In the Northern Territory (NT) an Australian Indigenous infant aged between four weeks and one year is seven times more likely to be admitted to hospital than a non-Indigenous child of the same age. The majority of these admissions are for respiratory, diarrhoeal and parasitic diseases (69%), while the average number of conditions associated with each episode of hospitalisation is 2.7 . This high burden of preventable respiratory, enteric, ear, eye and skin infectious disease is largely attributed to unsatisfactory living conditions and poor personal hygiene. Household crowding leads to more frequent interpersonal contact and increases the risk of cross infection . High burdens of infection, combined with inadequate nutrition, are considered to account for approximately 50% of all cases of anaemia among NT Indigenous children aged less than five years. Growth data reveal wasting rates of 4–8% and stunting rates of 15–17% with these rates comparable to those of children of the same age living in Thailand . Chronic Suppurative Otitis Media (CSOM) is very common  and Bronchiectasis is not uncommon . In children under three years of age repeated acute episodes or chronic states of otitis media interfere with normal speech and language development, while some permanent hearing loss often results . Scabies and Group A Streptococcal pyoderma is endemic among Indigenous Australian children living in remote communities [6–8] and as a result the prevalence of post-Streptococcal glomerulonephritis is high . This high level of exposure to Group A Streptococci is also responsible for the continuing high rate of rheumatic fever and rheumatic heart disease among these children . It is claimed that trachoma rates for Indigenous Australian children in some remote communities have not changed over the past 20 years . Australia is now the only developed country in the world that has not eradicated this disease.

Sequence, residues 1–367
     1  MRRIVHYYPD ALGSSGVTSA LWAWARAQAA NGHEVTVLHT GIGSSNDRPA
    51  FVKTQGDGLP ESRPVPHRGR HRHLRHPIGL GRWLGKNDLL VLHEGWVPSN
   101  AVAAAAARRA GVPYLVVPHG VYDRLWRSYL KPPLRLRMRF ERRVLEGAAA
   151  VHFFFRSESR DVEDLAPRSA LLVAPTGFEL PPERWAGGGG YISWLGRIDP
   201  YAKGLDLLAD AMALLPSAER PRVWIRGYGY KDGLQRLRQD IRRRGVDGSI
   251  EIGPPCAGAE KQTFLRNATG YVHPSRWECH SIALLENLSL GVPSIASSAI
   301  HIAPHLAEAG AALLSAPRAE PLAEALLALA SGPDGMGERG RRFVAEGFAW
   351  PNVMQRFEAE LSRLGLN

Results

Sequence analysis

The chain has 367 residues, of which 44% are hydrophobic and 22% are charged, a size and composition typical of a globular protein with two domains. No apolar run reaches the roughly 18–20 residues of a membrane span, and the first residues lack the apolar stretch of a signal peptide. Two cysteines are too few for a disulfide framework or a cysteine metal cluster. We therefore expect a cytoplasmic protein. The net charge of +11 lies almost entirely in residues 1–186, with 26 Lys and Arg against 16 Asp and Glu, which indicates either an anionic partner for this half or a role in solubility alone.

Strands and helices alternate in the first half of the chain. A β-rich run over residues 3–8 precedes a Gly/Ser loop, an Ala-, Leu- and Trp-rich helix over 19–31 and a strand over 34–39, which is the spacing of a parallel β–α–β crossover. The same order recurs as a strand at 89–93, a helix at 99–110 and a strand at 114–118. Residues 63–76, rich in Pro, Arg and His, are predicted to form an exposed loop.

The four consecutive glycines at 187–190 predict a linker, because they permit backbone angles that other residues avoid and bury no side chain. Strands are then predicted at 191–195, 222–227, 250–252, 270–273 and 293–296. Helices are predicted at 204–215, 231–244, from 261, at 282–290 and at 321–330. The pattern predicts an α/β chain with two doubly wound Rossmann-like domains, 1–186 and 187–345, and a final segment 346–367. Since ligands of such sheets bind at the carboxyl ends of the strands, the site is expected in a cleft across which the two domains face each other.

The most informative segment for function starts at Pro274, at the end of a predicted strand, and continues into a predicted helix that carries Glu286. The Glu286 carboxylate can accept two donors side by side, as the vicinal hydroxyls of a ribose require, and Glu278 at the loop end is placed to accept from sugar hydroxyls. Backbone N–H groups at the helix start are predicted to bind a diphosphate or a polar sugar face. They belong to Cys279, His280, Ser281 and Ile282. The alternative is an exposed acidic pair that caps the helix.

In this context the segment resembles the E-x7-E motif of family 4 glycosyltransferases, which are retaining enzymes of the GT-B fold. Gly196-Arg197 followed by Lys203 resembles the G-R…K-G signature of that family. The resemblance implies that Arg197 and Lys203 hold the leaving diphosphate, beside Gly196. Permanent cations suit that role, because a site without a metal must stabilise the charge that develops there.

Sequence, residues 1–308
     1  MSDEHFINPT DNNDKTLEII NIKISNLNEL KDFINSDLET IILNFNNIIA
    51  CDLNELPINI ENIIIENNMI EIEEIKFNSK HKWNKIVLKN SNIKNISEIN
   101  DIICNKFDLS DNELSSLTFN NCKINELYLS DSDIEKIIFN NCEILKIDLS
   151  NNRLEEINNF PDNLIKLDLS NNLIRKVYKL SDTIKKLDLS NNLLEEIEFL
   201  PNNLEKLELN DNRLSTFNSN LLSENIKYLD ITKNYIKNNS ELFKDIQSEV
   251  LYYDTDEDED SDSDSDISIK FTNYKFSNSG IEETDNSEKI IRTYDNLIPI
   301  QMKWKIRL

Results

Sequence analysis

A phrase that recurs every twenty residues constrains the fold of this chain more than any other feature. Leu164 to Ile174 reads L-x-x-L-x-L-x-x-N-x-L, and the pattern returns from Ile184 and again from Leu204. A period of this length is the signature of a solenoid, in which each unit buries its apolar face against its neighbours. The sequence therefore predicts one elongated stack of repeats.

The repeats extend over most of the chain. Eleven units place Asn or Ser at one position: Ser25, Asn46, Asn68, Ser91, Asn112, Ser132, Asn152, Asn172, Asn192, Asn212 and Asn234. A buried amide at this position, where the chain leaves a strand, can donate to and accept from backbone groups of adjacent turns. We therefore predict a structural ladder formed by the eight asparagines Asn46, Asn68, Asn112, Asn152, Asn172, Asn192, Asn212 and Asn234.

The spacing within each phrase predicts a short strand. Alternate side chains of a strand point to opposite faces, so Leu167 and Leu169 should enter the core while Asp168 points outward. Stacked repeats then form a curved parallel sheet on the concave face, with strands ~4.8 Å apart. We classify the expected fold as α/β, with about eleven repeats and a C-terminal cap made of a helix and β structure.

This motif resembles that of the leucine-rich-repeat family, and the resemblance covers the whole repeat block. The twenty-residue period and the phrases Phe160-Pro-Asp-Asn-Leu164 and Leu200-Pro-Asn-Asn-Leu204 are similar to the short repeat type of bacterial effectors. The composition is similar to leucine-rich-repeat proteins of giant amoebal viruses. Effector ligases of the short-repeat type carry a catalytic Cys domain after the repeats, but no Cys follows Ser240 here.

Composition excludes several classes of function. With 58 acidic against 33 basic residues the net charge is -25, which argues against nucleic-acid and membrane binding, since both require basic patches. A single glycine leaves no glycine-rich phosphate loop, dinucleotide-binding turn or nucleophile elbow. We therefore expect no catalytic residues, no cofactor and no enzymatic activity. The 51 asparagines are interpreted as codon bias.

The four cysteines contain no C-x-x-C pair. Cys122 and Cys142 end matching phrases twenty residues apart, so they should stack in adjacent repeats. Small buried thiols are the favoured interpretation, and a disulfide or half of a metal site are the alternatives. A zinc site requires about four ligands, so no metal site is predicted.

There has been little research into the problem of poor hygiene and unsanitary living conditions in remote Australian Aboriginal communities and the benefits of population-level interventions. Efforts to improve Aboriginal children's health have to date mostly focused on the treatment or eradication of diseases by the use of vaccines and improved medical case management. The impact of poor personal, domestic and community hygiene on children's health has largely been ignored. Taking this approach could have contributed to the slow rate of improvement in Aboriginal child health. The primary objective of this systematic literature review was to examine the epidemiological evidence of effectiveness of hygiene and public health intervention strategies, separately or in combination, on the occurrence of common preventable childhood infectious diseases. The purpose of the review was to inform the development of hygiene improvement programs which aim to reduce the incidence of skin, diarrhoeal and respiratory diseases (including otitis media) experienced by children living in remote Indigenous communities in central and northern Australia. Hence, the approach taken in this systematic review is more broadly based than reviews that focus on the efficacy of a single intervention.